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Giving Compass' Take:
· Chris Pope examines the faults in the Affordable Care Act and how short-term limited duration insurance (STLDI) plans can provide the same amount of coverage as plans under the ACA but at a much lower cost to consumers.
· Why are costs for STLDI plans lower than those under the ACA? Has the government prevented citizens from receiving affordable health care in the past? How did the Affordable Care Act change the health insurance market?
The Affordable Care Act (ACA) was designed to fund health insurance for individuals who have preexisting medical conditions, by requiring insurers to overprice insurance for people who sign up before they get sick. This feature has made health plans on the individual market a very poor value for most low- and medium-risk Americans—causing millions to abandon coverage, premiums to soar, deductibles to spike, and insurers to flee the market. This feature is also unnecessary because the ACA provides billions in public funds to subsidize premiums, and these subsidies automatically expand to guarantee coverage for those with preexisting conditions.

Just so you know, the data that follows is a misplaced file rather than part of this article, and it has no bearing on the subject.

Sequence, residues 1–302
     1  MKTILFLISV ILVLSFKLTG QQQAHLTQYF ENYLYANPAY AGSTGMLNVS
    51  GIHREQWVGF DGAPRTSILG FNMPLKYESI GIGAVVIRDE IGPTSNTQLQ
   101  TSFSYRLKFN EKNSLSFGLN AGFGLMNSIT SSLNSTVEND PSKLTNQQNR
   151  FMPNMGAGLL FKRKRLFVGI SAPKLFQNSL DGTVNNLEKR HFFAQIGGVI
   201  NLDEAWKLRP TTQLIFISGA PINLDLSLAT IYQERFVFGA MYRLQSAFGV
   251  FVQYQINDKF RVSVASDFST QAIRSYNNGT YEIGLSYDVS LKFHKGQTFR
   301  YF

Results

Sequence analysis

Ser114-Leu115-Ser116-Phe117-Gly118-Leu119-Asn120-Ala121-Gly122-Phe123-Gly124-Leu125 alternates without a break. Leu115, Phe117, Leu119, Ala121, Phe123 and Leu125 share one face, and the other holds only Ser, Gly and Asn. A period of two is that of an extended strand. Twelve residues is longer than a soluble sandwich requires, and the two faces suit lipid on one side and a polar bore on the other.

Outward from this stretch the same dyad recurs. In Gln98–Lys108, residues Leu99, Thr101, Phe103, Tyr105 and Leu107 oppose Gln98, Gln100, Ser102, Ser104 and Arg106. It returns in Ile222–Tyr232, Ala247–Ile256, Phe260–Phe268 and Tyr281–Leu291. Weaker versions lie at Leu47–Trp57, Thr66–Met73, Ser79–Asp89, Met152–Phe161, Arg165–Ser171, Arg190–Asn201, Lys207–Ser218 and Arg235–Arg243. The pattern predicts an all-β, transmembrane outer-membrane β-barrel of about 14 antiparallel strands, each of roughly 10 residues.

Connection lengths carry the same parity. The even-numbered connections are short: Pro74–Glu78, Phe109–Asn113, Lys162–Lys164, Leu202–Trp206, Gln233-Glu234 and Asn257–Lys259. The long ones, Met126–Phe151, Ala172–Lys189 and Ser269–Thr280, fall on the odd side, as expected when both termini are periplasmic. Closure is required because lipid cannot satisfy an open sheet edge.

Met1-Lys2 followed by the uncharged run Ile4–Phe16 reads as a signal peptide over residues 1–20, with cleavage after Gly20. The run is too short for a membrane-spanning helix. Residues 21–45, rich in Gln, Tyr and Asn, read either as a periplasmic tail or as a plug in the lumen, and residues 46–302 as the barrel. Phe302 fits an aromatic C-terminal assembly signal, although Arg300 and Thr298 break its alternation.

Short-Term Limited-Duration Insurance (STLDI), which is exempt from ACA rules, survived as a viable competitive market, offering health coverage priced in proportion to individuals’ risks. A recent regulatory reform has extended the permitted duration of STLDI policies, to protect enrollees from deductibles being reset every three months and to allow insurers to guarantee that enrollees’ premiums will not spike if they develop major medical conditions.
STLDI has been disparaged as “junk insurance” that fails to cover adequate provider networks, offers only catastrophic coverage, makes essential benefits unavailable, helps only young and healthy individuals, undermines protections for those with preexisting conditions, and causes premiums for plans on the ACA’s exchange to soar. This study of the STLDI market finds that each of these claims is false.
Read the full article about tailored health insurance plans by Chris Pope at the Manhattan Institute.